A grand jury approved six federal charges Tuesday against accused Capitol Hill rioter Doug Jensen of Des Moines.
Jensen attended his initial appearance at the federal courthouse in Des Moines via videoconference from the Polk County Jail, where he will remain quarantined until Jan. 26. His next hearing is scheduled for 3 p.m. Jan. 19.
Jensen, 41, appears in numerous photos and videos taken during the Jan. 6 riot that swept through the U.S. Capitol, which resulted in five deaths and forced lawmakers and others to evacuate the buiding. He was taken into custody after returning to Des Moines and booked into the Polk County jail early Saturday morning.
Jensen’s charges include:
- Knowingly entering or remaining in any restricted building or grounds without lawful authority.
- Disrupting the orderly conduct of government business.
- Violent entry and disorderly conduct in a Capitol building.
- Parading, demonstrating or picketing in a Capitol building.
- Obstructing a law enforcement officer during a civil disorder.
- Assaulting, resisting or impeding certain officers or employees.
Jensen is among nearly 100 people around the country who have been arrested and charged in relation to the Capitol riot. Many currently face lesser charges such as unlawful entry, although legal experts caution that more charges could be forthcoming as prosecutors present evidence to grand juries.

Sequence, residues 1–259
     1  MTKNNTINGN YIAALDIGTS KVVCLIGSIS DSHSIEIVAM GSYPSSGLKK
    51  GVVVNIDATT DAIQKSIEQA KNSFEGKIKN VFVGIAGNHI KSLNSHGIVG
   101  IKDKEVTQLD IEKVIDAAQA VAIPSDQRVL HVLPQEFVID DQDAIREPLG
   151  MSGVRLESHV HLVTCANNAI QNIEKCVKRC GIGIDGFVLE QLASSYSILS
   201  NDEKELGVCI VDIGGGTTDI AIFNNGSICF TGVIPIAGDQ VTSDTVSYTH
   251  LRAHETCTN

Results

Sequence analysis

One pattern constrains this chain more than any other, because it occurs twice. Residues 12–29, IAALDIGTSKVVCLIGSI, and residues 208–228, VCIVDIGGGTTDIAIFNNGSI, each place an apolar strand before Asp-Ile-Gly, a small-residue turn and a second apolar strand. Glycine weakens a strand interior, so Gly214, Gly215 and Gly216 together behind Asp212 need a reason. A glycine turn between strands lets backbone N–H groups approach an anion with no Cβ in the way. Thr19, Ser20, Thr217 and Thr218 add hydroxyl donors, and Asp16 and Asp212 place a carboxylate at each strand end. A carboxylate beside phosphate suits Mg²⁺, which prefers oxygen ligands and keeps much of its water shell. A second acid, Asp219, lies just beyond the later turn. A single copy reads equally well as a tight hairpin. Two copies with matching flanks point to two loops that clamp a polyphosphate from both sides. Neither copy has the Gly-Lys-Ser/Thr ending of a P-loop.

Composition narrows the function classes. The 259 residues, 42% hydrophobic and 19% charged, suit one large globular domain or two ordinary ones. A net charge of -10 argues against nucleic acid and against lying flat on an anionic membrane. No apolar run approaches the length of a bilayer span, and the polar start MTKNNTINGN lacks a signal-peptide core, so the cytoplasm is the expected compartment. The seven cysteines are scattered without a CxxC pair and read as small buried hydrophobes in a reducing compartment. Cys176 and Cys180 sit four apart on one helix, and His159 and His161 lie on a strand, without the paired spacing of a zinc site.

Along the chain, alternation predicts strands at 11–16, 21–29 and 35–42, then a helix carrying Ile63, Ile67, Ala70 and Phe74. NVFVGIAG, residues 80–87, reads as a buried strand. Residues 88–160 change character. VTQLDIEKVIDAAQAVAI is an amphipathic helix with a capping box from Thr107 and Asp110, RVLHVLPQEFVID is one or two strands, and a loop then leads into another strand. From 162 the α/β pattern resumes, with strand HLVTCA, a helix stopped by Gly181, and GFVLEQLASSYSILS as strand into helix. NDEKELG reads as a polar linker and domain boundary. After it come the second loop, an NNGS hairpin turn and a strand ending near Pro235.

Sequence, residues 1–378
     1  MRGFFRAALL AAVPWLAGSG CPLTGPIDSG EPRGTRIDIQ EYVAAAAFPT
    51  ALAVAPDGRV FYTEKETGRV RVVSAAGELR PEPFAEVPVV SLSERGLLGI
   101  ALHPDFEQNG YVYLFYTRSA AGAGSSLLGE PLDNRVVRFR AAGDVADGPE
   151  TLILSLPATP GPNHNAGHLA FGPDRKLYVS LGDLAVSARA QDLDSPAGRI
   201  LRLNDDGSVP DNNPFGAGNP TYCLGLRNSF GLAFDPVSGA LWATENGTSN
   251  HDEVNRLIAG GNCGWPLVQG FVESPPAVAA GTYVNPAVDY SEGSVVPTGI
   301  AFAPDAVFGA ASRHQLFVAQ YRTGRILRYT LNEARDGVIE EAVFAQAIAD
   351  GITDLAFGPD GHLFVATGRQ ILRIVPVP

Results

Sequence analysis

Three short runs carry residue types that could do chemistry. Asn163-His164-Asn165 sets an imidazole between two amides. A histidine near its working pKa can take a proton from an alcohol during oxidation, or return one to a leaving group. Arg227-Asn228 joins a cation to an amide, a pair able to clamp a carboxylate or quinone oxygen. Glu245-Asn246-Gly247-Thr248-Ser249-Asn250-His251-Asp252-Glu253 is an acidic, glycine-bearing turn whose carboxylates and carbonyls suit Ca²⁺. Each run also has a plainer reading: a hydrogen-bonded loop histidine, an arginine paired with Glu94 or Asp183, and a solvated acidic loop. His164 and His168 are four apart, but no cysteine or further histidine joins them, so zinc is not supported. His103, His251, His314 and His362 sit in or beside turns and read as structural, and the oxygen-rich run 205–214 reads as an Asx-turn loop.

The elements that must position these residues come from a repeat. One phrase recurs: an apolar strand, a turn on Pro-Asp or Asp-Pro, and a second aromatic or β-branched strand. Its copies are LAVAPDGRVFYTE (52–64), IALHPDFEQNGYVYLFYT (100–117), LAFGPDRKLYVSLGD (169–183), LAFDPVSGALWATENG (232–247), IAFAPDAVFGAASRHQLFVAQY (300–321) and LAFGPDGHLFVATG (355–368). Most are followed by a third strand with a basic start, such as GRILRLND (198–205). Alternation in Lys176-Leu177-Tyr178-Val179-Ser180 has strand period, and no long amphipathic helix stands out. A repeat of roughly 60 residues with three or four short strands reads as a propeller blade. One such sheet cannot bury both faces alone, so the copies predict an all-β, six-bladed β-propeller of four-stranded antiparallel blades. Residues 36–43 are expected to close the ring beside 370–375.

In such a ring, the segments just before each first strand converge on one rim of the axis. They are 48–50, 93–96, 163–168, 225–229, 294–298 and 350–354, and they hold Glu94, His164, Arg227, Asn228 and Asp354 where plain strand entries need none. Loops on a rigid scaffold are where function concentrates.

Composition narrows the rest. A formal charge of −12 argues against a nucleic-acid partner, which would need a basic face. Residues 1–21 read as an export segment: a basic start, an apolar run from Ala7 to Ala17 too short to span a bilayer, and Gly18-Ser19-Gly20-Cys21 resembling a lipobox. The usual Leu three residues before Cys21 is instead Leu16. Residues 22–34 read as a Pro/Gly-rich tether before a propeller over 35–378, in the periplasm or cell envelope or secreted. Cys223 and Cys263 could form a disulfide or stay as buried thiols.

Images from the riot, including some apparently tweeted by Jensen himself, show him confronting law enforcement officers in the building while wearing a shirt referring to the QAnon conspiracy theory. One video, tweeted by HuffPost politics reporter Igor Bobic, shows Jensen at the head of a crowd pursuing a lone Capitol Police officer up a staircase, passing a few feet from an unsecured door leading into the Senate chamber.
Jensen did not speak during Tuesday’s hearing other than “yes” and “no” acknowledgments to the judge.
His brother, William Routh, 54, of Clarksville, Arkansas, previously told The Associated Press that Jensen claimed he was allowed into the building by police and said the video on the staircase had been staged. He also said his brother had been strongly influenced by online presences such as QAnon “that confused or obscured his views on certain things.”
According to charging documents, Jensen turned himself into Des Moines police on Friday, saying he thought he was in trouble. In a subsequent interview with FBI and Des Moines investigators, he admitted to being the person appearing in videos from the riot, and that he had chased the officer up the stairs and refused to obey the officer’s instructions.
“Jensen stated that he intentionally positioned himself to be among the first people inside the United States Capitol because he was wearing his ‘Q’ T-shirt and he wanted to have his T-shirt seen on video so that ‘Q’ could ‘get the credit,'” according to a statement of facts filed Monday by FBI investigators.
Jensen was represented Tuesday by attorneys from the Federal Public Defenders Office. He has asked the court to appoint a defense attorney.
William Morris covers courts for the Des Moines Register. He can be contacted at firstname.lastname@example.org, 715-573-8166 or on Twitter at @DMRMorris.